A quantitative comparison of points of departure between 28-day and 90-day repeated dose studies with a proposed extrapolation factor


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Abstract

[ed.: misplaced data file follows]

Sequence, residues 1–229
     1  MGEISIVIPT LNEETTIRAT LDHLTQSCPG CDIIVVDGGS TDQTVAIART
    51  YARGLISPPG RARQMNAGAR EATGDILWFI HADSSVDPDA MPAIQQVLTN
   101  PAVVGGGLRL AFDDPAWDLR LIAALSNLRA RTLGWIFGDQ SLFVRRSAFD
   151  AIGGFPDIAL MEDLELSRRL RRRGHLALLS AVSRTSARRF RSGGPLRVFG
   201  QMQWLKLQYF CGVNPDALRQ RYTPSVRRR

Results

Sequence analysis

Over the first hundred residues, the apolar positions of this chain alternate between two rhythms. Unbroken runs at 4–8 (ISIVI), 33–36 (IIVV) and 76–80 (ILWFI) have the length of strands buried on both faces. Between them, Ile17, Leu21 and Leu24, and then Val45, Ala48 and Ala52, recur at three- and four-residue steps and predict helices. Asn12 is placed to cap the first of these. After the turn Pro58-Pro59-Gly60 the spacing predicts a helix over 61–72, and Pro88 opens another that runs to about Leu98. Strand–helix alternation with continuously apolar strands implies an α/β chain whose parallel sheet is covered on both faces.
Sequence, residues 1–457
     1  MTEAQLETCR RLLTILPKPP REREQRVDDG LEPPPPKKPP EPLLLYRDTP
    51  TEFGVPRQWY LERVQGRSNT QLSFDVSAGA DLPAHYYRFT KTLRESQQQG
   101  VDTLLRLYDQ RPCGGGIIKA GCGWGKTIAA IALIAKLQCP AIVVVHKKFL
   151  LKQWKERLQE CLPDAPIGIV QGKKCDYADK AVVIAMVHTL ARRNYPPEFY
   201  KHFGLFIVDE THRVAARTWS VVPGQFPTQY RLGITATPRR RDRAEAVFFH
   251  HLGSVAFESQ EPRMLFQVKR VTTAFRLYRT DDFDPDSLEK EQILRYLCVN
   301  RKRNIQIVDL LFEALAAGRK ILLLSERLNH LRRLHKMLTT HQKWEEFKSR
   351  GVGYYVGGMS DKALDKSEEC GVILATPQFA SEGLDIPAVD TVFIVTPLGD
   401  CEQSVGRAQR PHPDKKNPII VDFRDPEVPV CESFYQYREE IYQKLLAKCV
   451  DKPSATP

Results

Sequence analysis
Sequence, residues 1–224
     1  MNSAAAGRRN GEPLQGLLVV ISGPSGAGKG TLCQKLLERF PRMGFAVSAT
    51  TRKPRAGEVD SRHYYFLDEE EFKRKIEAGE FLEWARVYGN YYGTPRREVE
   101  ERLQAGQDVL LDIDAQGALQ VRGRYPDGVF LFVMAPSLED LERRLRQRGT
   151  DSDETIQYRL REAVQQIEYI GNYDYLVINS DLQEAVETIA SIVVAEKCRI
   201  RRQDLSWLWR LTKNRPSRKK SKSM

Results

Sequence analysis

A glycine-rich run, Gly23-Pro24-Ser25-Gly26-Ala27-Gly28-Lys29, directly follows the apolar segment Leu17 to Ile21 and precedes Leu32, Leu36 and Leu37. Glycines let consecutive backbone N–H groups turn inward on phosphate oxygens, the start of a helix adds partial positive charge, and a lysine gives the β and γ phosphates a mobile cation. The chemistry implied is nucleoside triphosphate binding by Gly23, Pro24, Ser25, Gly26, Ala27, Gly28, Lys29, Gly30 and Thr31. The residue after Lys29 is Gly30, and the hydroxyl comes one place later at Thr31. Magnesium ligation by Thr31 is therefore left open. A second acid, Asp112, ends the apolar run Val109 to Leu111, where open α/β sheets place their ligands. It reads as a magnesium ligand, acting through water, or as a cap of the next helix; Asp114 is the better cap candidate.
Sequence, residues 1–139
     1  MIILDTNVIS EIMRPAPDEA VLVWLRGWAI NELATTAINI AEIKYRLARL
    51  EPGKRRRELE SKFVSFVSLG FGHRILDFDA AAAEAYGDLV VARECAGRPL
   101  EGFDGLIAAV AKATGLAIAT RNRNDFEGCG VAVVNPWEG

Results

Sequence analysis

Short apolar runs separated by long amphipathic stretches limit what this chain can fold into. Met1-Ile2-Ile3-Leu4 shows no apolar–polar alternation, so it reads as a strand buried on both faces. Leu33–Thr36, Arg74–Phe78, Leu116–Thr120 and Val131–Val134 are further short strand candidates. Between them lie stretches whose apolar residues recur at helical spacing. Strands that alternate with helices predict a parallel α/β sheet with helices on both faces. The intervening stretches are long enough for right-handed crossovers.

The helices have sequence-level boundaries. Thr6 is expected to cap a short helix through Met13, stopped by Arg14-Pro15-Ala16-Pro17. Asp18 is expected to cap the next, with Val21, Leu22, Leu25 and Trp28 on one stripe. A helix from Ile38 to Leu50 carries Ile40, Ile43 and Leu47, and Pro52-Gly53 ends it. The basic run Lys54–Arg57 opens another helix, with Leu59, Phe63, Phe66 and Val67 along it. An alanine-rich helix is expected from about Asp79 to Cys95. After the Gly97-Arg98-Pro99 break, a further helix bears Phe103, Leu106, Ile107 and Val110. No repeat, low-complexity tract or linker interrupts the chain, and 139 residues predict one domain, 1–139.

The influence of exposure duration on chemical toxicity has important implications for risk assessment. Although a default 10-fold extrapolation factor is commonly applied when the toxicological dataset includes a subchronic (90-day) study but lacks studies of chronic duration, little consensus has been reached on an appropriate extrapolation factor to apply when the dataset includes a 28-day study but lacks studies of longer durations. The goal of the present assessment was to identify a 28-day to 90-day extrapolation factor by analyzing distributions of ratios of No-Observed-Adverse-Effect Levels (NOAELs) and Benchmark Doses (BMDs) derived from 28-day and 90-day studies. The results of this analysis suggest that a default 10-fold extrapolation factor in chemical risk assessment applications is sufficient to account for the uncertainty associated with evaluating human health risk based on results from a 28-day study in the absence of results from a 90-day study. This analysis adds significantly to the growing body of literature interpreting the influence of exposure duration on chemical toxicity that will likewise facilitate discussions on the future state of testing requirements in the international regulatory community.HighlightsThe effect of duration on toxicity was analyzed with a high-quality dataset.The NOAEL28day/90day ratio was ≤1 in nearly 50% of all evaluated study pairs.A 28-day to a 90-day extrapolation factor of 10 is adequately health-protective.Adjusting for variable dose spacing and study quality did not affect the results.

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